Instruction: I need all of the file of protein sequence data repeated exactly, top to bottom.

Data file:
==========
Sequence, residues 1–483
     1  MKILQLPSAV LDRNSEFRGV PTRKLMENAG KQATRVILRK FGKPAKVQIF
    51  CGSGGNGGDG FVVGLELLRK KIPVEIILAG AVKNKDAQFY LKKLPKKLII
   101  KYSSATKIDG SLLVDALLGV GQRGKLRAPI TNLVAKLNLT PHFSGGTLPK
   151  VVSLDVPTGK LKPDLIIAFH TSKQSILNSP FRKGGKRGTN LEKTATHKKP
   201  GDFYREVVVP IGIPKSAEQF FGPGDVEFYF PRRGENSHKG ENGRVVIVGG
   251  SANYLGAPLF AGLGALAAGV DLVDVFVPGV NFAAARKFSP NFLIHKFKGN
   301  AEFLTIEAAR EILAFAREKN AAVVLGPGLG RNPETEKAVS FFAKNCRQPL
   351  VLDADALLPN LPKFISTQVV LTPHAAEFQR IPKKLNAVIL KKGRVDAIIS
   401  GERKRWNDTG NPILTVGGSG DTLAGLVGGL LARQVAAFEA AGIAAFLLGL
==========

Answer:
Sequence, residues 1–483
     1  MKILQLPSAV LDRNSEFRGV PTRKLMENAG KQATRVILRK FGKPAKVQIF
    51  CGSGGNGGDG FVVGLELLRK KIPVEIILAG AVKNKDAQFY LKKLPKKLII
   101  KYSSATKIDG SLLVDALLGV GQRGKLRAPI TNLVAKLNLT PHFSGGTLPK
   151  VVSLDVPTGK LKPDLIIAFH TSKQSILNSP FRKGGKRGTN LEKTATHKKP
   201  GDFYREVVVP IGIPKSAEQF FGPGDVEFYF PRRGENSHKG ENGRVVIVGG
   251  SANYLGAPLF AGLGALAAGV DLVDVFVPGV NFAAARKFSP NFLIHKFKGN
   301  AEFLTIEAAR EILAFAREKN AAVVLGPGLG RNPETEKAVS FFAKNCRQPL
   351  VLDADALLPN LPKFISTQVV LTPHAAEFQR IPKKLNAVIL KKGRVDAIIS
   401  GERKRWNDTG NPILTVGGSG DTLAGLVGGL LARQVAAFEA AGIAAFLLGL